Nurses discuss bedside handover and using written handover sheets

Authors


Leanne S. Cowin
School of Nursing and Midwifery
University of Western Sydney
Locked Bag 1797 Penrith
NSW
Australia 2751
E-mail: l.cowin@uws.edu.au

Abstract

Background  The analysis of nursing errors in clinical management highlighted that clinical handover plays a pivotal role in patient safety. Changes to handover including conducting handover at the bedside and the use of written handover summary sheets were subsequently implemented.

Aim  The aim of the study was to explore nurses’ perspectives on the introduction of bedside handover and the use of written handover sheets.

Method  Using a qualitative approach, data were obtained from six focus groups containing 30 registered and enrolled (licensed practical) nurses. Thematic analysis revealed several major themes.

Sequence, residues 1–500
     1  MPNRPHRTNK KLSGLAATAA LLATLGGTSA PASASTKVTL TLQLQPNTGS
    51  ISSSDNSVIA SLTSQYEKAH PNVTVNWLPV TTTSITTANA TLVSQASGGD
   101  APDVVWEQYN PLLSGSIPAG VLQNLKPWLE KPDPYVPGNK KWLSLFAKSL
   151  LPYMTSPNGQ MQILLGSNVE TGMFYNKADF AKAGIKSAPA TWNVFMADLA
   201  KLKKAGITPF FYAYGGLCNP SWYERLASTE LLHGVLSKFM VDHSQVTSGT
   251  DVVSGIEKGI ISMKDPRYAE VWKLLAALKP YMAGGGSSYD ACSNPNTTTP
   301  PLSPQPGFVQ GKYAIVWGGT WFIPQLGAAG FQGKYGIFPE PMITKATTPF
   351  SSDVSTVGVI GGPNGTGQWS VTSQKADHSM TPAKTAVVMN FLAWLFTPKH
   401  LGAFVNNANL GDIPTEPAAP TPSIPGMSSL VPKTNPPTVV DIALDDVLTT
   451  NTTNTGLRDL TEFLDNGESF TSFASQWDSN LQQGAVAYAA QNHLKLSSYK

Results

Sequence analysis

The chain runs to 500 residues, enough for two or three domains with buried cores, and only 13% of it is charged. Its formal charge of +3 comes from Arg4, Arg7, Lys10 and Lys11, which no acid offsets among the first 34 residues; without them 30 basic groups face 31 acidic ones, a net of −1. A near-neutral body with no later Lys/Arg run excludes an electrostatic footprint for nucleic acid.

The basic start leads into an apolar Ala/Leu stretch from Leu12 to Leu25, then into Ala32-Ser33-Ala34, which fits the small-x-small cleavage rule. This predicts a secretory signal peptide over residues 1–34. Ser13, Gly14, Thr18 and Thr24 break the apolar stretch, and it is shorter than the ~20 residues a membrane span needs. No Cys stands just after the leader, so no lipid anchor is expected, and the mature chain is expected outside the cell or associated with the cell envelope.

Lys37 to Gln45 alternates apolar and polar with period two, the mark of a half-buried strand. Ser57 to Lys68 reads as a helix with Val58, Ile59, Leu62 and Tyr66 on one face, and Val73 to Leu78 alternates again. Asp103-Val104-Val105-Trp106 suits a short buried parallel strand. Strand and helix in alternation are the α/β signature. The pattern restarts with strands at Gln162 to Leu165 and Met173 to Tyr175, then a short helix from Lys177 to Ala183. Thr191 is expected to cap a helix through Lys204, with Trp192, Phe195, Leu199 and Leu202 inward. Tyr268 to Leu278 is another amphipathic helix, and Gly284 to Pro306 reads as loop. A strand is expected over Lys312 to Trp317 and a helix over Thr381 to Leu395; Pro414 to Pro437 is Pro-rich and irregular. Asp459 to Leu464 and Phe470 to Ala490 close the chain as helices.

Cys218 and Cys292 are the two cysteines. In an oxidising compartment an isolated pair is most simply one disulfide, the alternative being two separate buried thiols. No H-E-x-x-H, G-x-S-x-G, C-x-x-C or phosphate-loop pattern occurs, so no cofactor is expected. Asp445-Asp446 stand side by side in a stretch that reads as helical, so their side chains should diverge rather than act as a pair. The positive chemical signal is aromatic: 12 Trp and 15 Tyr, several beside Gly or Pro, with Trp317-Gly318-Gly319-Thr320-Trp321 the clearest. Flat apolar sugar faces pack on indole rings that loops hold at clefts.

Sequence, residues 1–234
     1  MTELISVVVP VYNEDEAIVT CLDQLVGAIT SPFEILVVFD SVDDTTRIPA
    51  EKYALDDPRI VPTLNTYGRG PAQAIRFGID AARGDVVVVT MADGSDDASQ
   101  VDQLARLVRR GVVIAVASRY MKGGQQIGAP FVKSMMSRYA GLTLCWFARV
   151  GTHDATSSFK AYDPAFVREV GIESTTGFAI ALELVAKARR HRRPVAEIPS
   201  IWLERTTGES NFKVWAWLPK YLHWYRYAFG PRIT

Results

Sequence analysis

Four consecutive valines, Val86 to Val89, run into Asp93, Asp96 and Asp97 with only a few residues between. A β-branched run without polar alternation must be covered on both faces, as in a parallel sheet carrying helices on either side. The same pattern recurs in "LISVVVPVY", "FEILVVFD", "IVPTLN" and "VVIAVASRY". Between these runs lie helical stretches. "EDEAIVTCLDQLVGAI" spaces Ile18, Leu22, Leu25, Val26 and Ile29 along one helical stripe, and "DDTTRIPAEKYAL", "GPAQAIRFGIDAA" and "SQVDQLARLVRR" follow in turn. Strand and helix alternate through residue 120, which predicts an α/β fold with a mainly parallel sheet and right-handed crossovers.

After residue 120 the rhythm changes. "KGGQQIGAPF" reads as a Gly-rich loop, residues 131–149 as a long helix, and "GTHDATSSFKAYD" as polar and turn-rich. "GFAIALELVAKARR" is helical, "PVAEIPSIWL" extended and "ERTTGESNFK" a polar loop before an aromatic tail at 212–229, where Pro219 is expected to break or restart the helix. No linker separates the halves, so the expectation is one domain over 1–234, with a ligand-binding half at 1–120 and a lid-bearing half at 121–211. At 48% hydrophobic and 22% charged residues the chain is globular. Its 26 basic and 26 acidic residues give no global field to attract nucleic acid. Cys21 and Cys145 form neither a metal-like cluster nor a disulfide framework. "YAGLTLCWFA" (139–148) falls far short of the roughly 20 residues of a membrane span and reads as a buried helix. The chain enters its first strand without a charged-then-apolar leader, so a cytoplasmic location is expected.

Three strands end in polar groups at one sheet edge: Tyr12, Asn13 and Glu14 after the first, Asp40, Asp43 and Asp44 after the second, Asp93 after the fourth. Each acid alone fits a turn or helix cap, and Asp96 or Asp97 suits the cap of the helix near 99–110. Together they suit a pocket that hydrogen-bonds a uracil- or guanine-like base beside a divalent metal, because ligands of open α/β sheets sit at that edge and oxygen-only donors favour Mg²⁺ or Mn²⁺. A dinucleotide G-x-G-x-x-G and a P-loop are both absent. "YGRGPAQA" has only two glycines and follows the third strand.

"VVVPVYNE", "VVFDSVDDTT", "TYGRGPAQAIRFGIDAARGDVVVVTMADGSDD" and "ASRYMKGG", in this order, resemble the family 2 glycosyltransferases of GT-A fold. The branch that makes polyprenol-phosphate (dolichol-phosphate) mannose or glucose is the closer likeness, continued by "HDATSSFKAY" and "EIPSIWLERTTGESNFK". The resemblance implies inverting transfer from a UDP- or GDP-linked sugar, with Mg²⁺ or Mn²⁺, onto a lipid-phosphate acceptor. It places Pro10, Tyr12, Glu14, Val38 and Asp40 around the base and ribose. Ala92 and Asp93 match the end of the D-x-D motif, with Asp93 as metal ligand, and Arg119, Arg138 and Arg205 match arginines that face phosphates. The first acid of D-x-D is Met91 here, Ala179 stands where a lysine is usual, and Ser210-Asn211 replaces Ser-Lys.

Findings  Themes identified included: bedside handover and the strengths and weaknesses; patient involvement in handover, and good communication is about good communicators. Finally, three sources of patient information and other issues were also identified as key aspects.

Conclusions  How bedside handover is delivered should be considered in relation to specific patient caseloads (patients with cognitive impairments), the shift (day, evening or night shift) and the model of service delivery (team versus patient allocation).

Implications for nursing management  Flexible handover methods are implicit within clinical setting issues especially in consideration to nursing teamwork. Good communication processes continue to be fundamental for successful handover processes.

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